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Small businesses adapt to COVID interruptions during last week of holiday shopping

For some local business owners, the coronavirus pandemic has meant a shift in strategy for...
For some local business owners, the coronavirus pandemic has meant a shift in strategy for making sales during the holidays.(Marco Verch (Custom credit) | Flickr)
Updated: Dec. 22, 2020 at 6:57 PM CST
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LOUISVILLE, Ky. (WAVE) - The countdown to Christmas has some small businesses banking on the holiday shopping season more than ever before, but for many, the coronavirus pandemic has meant a shift in strategy.

Those at Idlewild Butterfly Farm told WAVE 3 News Tuesday that ability to adapt to the whims of COVID-19 has kept business buzzing.

(Story continues below photo)

Items for sale on the Idlewild Butterfly Farm website.
Items for sale on the Idlewild Butterfly Farm website.(idlewildbutterflyfarm.com)

“We actually had reopened for the 2020 season three days prior to shutting back down,” Blair Leano-Helvey, the owner, said. “It was kind of like a deer in the headlights moment because we do tours, we do school visits. We already had a calendar that was pretty full.”

Leano-Helvey said she knew the business would have to transform to survive.

“We’ve just been able to stay afloat pedaling bugs, basically,” she said.

Most of those are pinned, and available on the business’ website. Leano-Helvey said plants, butterfly kits and seeds have also been popular recently.

She continued that, during the pandemic, the company’s website has been extremely important.

Mother’s Day is usually the busiest time of year for Idlewild, but Leano-Helvey said she had record Black Friday sales this year. She is now depending on the holiday season to make up for the rest of 2020.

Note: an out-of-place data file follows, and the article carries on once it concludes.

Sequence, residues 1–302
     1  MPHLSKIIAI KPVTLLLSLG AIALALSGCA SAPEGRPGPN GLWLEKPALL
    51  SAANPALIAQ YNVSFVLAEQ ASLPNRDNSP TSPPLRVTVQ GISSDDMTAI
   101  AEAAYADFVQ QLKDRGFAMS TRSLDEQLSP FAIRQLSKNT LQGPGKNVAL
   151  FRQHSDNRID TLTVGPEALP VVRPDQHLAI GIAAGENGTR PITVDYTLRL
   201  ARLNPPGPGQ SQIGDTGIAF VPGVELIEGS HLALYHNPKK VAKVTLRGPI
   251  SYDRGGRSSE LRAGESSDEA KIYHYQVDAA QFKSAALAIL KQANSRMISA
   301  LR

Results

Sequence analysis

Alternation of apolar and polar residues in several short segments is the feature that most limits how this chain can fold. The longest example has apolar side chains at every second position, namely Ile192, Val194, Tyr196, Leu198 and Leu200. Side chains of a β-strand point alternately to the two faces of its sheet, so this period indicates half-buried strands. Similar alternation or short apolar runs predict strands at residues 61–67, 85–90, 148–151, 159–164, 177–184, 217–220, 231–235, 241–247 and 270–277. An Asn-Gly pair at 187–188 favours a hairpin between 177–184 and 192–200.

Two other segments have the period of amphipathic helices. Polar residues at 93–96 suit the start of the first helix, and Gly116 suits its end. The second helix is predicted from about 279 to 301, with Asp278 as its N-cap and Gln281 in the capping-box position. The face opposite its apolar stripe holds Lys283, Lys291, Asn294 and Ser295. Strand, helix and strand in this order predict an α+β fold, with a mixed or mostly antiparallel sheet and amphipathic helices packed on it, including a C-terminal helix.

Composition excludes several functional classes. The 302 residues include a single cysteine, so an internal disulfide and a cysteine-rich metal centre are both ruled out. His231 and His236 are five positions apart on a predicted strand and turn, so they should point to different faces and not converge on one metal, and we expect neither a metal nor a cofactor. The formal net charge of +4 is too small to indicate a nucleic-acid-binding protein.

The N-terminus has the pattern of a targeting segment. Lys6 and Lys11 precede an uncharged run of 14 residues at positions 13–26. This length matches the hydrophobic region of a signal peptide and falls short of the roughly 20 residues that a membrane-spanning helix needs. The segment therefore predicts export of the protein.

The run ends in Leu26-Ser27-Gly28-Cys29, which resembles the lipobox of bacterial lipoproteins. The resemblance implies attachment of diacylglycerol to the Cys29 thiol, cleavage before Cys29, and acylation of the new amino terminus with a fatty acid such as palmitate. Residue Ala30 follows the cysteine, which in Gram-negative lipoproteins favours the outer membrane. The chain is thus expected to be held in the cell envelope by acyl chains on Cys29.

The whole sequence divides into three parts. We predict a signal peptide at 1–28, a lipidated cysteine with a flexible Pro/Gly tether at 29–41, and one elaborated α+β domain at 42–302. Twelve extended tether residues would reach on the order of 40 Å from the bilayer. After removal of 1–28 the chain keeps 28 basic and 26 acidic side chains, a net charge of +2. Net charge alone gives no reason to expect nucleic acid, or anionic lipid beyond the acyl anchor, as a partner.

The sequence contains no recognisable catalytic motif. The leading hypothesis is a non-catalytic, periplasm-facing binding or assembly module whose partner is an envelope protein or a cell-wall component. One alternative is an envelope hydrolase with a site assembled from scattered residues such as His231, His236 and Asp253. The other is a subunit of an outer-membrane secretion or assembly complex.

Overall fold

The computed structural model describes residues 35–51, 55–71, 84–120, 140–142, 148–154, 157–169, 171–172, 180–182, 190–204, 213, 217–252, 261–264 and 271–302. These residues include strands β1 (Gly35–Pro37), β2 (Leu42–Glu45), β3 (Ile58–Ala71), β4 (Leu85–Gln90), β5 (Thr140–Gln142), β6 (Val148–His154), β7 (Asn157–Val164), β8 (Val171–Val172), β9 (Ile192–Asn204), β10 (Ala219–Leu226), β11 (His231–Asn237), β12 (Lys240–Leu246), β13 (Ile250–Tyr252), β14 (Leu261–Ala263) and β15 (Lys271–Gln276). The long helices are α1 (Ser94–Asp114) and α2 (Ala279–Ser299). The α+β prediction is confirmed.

In southern Indiana, sculptor Elizabeth Mattingly, who owns Wicked Winglings, said summers full of festivals and conventions are usually when her handcrafted dragons are most in demand.

“They’re just wickedly cute, as I call them, because each has their own personalities,” Mattingly said.

Without events in the area due to COVID, the holidays have become more important to her too.

The latest challenge facing many business owners is shipping delays, which Mattingly and Leano-Helvey have both had to deal with this year.

Idlewild switched from USPS to UPS and is offering curbside pickup this week and local deliveries.

Handcrafted items for sale from Wicked Winglings
Handcrafted items for sale from Wicked Winglings(Wicked Winglings Facebook Page)

At Wicked Winglings, a certificate is being emailed out to those who may be nervous about shipping delays. It will inform recipients a present is making its way to them.

“I wanted them to be able to give something to their loved ones,” Mattingly said, “so they know they thought of them and something cool is on the way.”

According to Fedex, record high volumes of e-commerce orders, COVID-19 closures and weather events may cause delivery delays this week.

A spokesperson for UPS said volume is heavy because it’s peak week, but its network is operating normally right now. They noted that those still hoping to ship will need to act quickly.

A U.S. Postal Service spokesperson released the following statement regarding shipments:

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